In this presentation given at the BERA 2014 Conference in London we share how we have designed an exploratory learning environment (Fractions Lab) that allows students to interact with various fractions representations, add or subtract them and check their equivalence. Associated exploratory tasks challenge students to solve problems while the ‘epistemic affordances’ of Fractions Lab take advantage of their intuitive ideas but also challenge them to reflect on the feedback provided.
The main objective is to challenge pre-conceived ideas of how fractions are represented and how Fractions Lab can create an environment for students to develop 'situated' abstractions about fractions. In the presentation we will identify some key design decisions (e.g. introducing explicit tools to encourage students to understand that there are underlying structures common to all representations) and discuss how they evolved from the literature and during design experiments, as well as how they impacted upon students' conceptual change.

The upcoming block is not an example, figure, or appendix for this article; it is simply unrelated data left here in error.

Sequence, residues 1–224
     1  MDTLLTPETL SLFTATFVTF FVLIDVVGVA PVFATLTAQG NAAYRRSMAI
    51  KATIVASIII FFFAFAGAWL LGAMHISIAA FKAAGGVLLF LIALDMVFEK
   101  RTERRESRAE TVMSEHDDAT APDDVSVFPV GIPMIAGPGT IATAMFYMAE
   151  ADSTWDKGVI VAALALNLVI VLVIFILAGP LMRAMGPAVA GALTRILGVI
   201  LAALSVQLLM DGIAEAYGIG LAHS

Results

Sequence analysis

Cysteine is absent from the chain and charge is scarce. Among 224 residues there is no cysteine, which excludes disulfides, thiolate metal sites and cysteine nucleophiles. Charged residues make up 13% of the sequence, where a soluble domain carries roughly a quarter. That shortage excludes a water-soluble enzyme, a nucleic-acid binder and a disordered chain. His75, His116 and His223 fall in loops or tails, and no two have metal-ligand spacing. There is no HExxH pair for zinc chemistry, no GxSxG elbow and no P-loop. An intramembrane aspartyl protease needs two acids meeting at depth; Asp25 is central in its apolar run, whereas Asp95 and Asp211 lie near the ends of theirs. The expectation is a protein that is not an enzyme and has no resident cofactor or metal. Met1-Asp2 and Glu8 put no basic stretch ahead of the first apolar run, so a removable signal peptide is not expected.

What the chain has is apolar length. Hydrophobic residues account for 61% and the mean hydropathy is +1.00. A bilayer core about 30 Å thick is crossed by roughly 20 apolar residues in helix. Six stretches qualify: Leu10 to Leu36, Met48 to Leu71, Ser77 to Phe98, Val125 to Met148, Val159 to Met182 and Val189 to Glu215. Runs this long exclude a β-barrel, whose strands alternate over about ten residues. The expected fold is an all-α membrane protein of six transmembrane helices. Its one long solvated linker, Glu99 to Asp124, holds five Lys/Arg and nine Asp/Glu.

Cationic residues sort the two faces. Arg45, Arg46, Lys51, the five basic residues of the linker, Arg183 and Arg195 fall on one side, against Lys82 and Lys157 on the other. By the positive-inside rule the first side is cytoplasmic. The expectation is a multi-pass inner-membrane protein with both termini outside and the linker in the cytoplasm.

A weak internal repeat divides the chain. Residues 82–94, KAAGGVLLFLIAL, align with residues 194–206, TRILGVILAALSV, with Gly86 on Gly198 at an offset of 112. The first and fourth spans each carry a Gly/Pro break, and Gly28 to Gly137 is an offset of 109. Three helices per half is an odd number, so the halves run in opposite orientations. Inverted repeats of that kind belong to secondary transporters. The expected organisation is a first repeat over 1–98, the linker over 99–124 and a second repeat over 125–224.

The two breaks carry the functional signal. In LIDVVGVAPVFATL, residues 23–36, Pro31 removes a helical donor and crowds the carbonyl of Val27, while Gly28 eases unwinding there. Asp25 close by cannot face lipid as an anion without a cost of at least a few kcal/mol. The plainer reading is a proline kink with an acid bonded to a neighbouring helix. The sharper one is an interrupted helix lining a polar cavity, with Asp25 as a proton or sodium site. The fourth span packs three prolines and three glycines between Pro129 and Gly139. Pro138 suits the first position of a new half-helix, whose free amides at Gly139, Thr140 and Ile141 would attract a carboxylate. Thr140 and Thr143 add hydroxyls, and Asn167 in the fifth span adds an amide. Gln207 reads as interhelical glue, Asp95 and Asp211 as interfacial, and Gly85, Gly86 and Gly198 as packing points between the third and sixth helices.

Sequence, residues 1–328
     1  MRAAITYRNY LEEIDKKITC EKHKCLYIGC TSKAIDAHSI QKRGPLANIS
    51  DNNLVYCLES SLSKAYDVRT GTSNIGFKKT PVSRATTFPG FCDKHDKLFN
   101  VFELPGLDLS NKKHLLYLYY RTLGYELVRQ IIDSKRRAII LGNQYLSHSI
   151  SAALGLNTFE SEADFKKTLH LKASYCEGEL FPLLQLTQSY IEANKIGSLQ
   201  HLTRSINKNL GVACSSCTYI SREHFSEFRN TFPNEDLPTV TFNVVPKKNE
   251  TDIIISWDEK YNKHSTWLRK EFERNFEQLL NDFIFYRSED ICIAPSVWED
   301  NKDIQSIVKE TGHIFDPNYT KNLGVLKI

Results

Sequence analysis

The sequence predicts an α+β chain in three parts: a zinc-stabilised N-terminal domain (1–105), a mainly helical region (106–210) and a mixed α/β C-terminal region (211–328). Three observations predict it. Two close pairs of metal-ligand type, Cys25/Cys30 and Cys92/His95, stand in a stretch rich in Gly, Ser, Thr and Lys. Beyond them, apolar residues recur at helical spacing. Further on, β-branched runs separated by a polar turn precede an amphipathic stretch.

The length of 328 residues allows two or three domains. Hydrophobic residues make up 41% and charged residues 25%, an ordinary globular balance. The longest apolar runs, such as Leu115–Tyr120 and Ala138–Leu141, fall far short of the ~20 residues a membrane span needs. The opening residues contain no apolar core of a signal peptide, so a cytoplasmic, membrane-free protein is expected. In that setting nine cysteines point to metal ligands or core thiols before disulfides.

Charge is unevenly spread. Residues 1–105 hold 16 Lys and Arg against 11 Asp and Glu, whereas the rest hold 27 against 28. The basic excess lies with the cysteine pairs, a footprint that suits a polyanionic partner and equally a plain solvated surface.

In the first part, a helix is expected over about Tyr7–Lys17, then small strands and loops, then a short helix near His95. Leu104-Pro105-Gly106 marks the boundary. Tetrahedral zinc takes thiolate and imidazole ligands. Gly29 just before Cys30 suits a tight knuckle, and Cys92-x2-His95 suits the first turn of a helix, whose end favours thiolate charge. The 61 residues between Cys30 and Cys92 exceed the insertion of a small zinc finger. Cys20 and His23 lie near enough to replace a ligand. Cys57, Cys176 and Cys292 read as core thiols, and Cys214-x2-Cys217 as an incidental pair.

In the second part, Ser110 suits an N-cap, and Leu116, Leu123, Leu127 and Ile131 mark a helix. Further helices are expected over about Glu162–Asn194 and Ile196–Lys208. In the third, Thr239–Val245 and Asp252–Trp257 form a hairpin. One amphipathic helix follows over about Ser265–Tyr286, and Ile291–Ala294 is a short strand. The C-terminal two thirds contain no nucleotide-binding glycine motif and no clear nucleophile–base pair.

We conclude that students' interaction with Fractions Lab provokes them to think conceptually about fractions and to capitalise on their intuition, discouraging them from simply procedurally calculating an answer.